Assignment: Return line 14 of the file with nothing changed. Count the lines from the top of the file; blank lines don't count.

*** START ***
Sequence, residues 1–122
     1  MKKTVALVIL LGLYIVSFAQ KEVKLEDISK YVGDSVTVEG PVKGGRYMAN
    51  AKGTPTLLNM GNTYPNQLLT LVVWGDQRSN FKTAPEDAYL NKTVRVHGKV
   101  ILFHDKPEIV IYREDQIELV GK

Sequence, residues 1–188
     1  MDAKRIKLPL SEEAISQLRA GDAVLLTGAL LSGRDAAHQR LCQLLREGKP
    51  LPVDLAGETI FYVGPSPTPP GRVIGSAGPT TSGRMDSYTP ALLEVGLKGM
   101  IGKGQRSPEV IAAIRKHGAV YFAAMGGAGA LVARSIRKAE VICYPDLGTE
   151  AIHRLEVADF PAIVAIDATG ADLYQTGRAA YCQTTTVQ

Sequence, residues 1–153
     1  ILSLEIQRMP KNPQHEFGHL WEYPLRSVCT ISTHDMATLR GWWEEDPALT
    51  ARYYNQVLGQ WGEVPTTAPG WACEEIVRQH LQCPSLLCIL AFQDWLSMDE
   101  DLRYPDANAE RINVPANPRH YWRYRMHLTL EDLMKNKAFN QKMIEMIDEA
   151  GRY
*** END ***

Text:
   151  GRY